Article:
Van Gogh's Cypresses at The Met

“I want to touch people with my art. I want them to say 'he feels deeply, he feels tenderly'.” -Vincent Van Gogh

And man, did his art not only touch us, no. They pierced us single-handedly like a dagger through the heart—a supernova brilliantly bursting with light inside our weary souls, rendering us to a state of absolute reverence. While we were completely blown to smithereens, we had, in good conscience, the ability to move quickly and take some fairly good (yet askew) photos of all 44 works. It was quite a feat to stay still and gaze at the paintings at our own pace as many viewers wanted their share of selfies with Van Gogh’s arboreal masterpieces.

As if in a dream, the rooms were filled with abstract whispers of awe and academic chatter. Towering, swirling trees dotted Van Gogh’s frenetic landscapes. His cypresses contorted like gods in a battle, waving with gestures of their gnarled menacing arms with the tragic soaring of their green manes. His skies, schizophrenic, often exploding with either pastel shades of light or glorious billows of clouds. Yet, underneath the heavenly vastness that he painted, serene depictions of nature at rest allow the eye to take in the paradox of life in this symbolism. The painter was searching for a mystical antidote to his lifelong battle with depression. However, with his impression of the cypresses, in their indomitable power and dignity, in their musculature, with saps thick and warm and a stance that defied hurricanes, it seems that Van Gogh relished moments where he conquered the nightmarish silhouettes that plagued his dreams.

While seeing Van Gogh’s cypresses was a refreshing encounter, nothing compares to the experience of seeing the splendor that is “The Starry Night”, which is a crossloan from the Museum of Modern Art (MoMa). According to The Met, The Starry Night’s cypress tree, which dominates the left side of the canvas, is crucial to giving the painting its modern feel and intense emotional impact. It’s true, witnessing this in person while taking a closer look, where the tree is perched like a vortex in the sky, contrasting with a more vertical dynamic, ultimately revealing an image of a night sky and an inner self.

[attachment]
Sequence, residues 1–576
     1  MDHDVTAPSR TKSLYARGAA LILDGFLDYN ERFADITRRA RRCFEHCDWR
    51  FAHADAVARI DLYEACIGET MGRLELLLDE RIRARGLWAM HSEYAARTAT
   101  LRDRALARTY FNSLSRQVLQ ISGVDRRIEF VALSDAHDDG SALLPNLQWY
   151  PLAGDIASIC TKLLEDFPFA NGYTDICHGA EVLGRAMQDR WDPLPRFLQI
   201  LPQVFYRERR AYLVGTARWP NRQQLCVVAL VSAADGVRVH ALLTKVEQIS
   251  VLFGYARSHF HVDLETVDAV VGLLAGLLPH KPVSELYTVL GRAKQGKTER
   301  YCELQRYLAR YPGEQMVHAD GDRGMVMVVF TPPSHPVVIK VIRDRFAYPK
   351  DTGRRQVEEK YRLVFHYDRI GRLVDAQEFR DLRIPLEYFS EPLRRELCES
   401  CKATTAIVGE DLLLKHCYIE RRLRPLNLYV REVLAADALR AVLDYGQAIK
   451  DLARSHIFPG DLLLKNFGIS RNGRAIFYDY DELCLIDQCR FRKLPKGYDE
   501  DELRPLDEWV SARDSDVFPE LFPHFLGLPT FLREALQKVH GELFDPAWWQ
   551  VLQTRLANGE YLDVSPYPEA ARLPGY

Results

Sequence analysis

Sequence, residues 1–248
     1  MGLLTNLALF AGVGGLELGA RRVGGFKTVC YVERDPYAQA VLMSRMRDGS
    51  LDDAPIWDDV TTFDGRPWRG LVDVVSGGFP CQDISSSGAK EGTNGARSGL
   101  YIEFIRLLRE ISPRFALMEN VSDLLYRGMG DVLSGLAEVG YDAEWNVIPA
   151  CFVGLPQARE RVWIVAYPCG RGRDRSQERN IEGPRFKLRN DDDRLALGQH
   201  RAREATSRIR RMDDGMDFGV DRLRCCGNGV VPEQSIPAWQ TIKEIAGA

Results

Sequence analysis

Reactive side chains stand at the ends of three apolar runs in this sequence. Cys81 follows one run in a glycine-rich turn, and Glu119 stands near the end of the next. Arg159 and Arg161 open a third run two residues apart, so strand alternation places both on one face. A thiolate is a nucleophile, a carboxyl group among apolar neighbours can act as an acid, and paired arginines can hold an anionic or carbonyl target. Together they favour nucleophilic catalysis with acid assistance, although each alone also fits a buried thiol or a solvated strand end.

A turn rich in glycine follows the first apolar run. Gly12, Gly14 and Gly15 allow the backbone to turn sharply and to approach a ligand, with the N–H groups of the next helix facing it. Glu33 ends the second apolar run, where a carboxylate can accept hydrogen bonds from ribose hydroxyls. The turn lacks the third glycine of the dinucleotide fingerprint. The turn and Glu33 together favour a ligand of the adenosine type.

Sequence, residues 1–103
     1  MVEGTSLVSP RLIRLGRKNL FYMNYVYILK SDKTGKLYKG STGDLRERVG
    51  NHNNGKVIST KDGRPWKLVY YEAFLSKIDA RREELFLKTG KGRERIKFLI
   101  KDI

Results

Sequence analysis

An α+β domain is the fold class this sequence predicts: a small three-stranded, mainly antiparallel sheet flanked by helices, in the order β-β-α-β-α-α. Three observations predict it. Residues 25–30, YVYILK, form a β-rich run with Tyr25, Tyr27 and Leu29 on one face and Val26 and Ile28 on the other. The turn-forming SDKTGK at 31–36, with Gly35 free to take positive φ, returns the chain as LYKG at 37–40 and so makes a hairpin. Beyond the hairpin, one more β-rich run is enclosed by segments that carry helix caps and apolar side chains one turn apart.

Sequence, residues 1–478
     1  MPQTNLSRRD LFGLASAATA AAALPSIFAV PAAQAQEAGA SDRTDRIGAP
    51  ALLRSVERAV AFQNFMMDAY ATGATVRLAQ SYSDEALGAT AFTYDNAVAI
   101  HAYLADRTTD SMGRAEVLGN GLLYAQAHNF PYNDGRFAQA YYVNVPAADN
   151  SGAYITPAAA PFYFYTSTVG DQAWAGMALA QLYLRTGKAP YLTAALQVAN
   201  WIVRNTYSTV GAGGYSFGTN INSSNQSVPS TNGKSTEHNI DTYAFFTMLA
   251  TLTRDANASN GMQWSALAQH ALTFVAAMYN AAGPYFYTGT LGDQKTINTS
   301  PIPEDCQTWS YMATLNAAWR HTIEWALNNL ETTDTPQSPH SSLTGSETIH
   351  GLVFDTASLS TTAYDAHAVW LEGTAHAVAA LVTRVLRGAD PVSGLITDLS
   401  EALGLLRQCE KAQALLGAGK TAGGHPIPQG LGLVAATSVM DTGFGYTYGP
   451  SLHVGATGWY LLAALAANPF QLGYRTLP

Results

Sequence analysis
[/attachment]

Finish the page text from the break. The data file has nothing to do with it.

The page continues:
Among the documentation offered by the exhibit is a letter to Van Gogh’s brother Theo. Penned shortly after Van Gogh’s arrival in Arles, we see the artist virtually prophesizing the major work to come. “I need a starry night with cypresses— or perhaps above a field of ripe wheat”, Van Gogh writes. The letters between the brothers, which actually played a significant factor in Van Gogh’s artistic and personal life, is the exhibition’s most touching aspect. It’s almost as if we were reading the letter like it was addressed to us from the artist himself as he describes what he’s seeing out of his window. How powerful to see how it moves from an idea to words, to sketching in a letter, to a drawing, then finally to a painting. We couldn’t help but wonder, with all the sadness and turmoil that stirred within the painter’s mind and heart, how he chose to see beauty instead of chaos, light instead of darkness, hope instead of despair, and an eternity of stars above a sleepy town that embraced broken hearts, including his.

“Van Gogh’s Cypresses” is arranged meticulously across three galleries in The Metropolitan Museum of Art (The Met). True to its exhibition name, it showcased Van Gogh’s deep fascination with the cypress tree and among its holdings are “The Starry Night”, “Country Road in Provence by Night”, and The Met’s own “Wheat Field with Cypresses”. It is history in the making as it is the first ever exhibition to highly focus on Van Gogh’s cypress trees, reuniting some of his most iconic paintings and other rarely lent works.

“Van Gogh’s Cypresses” May 22–August 27, 2023 The Met, New York City